“I would feel bad if I treated you badly.”
That’s an illustration of the correct use of the words bad and badly.
Bad/badly is a grammar point that trips up many of us. Even people who are very careful about their speech and writing are confused about those two words. They say “feel badly,” which is incorrect.
Here are the rules and examples.
With the verb feel, use adjective forms, like these:
Sarah feels confident. (not confidently)
Vic feels happy. (not happily)
Kwame feels proud. (not proudly)
Mina feels bad. (not badly)
In the examples above, the word after feels describes the subject: confident Sarah, happy Vic, proud Kwame, bad Mina. (It’s as though Mina is blaming herself: “Bad Mina!”)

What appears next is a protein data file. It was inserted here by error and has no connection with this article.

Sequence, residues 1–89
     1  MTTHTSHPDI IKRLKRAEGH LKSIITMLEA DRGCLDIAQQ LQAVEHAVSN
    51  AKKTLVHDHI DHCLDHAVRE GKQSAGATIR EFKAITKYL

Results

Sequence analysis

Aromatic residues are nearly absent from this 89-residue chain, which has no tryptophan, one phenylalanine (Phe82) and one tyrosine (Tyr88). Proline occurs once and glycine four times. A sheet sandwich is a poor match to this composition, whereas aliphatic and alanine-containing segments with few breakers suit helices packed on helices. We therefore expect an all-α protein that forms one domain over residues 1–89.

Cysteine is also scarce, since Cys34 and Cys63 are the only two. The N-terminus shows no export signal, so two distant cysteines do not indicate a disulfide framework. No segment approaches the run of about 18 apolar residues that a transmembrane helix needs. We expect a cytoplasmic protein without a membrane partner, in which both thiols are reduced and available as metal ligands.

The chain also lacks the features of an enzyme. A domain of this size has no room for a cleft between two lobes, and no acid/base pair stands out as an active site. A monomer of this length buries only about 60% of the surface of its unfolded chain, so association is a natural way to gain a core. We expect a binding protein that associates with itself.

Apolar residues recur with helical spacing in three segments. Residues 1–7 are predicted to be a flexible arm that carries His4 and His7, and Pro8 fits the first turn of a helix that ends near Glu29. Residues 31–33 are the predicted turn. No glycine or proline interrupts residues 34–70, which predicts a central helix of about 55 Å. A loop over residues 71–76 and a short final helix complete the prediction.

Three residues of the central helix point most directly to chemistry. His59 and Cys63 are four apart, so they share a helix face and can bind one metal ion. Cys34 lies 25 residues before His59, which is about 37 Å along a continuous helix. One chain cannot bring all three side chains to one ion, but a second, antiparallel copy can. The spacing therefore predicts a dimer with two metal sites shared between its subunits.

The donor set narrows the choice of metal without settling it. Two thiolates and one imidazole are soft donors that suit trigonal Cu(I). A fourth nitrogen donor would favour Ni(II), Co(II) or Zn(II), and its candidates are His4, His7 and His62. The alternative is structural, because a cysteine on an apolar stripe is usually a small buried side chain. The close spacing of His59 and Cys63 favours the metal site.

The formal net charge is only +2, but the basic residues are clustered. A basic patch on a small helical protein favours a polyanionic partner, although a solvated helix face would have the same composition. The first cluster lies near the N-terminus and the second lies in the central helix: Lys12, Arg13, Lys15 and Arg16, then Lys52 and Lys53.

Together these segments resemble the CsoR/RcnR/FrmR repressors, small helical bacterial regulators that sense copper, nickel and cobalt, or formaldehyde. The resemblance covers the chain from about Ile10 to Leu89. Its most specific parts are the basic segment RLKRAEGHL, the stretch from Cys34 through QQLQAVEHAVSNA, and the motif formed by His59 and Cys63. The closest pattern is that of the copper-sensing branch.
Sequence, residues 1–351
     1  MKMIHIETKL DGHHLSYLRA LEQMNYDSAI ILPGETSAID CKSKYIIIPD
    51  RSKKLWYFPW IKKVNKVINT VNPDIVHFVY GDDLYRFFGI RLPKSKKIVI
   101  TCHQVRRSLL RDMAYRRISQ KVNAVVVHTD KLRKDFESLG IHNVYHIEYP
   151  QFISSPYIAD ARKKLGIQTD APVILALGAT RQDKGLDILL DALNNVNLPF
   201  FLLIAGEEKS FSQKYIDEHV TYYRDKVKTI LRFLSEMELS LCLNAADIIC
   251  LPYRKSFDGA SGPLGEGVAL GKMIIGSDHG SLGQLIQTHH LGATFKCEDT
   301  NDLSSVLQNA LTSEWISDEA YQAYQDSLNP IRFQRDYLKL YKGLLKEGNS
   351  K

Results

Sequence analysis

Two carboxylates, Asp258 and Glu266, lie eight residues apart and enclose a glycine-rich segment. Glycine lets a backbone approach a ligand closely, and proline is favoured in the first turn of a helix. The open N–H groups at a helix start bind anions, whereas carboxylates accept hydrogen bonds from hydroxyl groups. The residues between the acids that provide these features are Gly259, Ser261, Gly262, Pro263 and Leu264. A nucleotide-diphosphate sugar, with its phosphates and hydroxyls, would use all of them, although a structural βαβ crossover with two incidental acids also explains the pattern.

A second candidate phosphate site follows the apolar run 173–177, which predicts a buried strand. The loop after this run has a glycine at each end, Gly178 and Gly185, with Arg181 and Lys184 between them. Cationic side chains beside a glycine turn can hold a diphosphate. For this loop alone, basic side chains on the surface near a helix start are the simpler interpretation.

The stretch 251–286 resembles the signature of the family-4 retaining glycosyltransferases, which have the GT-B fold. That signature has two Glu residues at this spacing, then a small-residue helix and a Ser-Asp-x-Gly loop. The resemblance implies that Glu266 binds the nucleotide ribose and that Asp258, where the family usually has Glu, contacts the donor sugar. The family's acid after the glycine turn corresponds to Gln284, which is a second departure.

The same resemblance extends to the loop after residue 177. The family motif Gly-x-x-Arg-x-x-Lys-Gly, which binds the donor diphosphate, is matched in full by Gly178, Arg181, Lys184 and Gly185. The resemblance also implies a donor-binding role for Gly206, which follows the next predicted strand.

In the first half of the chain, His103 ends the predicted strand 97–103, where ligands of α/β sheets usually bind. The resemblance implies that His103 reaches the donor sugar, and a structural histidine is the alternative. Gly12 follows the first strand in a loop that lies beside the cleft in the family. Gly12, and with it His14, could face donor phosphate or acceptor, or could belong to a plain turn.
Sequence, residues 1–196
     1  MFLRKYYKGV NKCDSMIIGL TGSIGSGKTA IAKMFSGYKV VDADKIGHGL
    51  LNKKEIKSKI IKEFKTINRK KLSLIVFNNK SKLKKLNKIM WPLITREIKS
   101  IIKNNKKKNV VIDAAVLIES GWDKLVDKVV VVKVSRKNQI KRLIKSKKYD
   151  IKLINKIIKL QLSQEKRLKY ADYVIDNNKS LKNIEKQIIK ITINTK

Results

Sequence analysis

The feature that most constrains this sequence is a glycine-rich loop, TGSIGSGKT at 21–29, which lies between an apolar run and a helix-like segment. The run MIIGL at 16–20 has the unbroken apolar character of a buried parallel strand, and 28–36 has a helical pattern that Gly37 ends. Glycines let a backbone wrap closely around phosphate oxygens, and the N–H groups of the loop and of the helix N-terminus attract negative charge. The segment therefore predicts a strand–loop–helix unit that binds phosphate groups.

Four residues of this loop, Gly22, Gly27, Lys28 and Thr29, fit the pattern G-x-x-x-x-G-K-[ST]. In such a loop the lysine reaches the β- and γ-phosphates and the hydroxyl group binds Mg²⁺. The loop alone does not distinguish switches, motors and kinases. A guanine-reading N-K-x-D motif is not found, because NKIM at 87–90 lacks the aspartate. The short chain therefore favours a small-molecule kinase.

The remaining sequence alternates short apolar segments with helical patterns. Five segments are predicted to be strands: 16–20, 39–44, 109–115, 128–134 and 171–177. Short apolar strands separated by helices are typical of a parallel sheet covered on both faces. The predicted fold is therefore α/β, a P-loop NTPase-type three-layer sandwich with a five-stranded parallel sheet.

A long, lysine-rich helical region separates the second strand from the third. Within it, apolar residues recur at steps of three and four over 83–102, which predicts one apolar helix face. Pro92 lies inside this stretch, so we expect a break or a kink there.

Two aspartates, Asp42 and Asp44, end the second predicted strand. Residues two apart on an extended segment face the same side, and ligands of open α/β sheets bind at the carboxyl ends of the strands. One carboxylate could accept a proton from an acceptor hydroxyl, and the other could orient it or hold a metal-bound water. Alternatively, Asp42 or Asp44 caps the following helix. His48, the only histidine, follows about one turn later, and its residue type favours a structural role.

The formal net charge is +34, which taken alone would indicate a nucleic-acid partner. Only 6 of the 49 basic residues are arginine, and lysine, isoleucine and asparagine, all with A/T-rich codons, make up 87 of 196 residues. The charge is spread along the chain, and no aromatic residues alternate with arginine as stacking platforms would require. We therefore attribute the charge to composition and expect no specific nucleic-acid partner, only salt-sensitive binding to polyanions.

With action verbs, use adverb forms, like these:
Sarah smiled confidently.
Vic sang happily.
Kwame stood proudly.
Mina typed badly.
When you hear someone say “I feel badly,” don’t correct him or her. That would be rude and the person might take the correction badly. Instead kindly ask, “Why do you feel bad?” or respond, “I’m sorry you feel bad.” I use this subtle approach with my 11-year-old daughter all the time, and she doesn’t feel bad about it at all.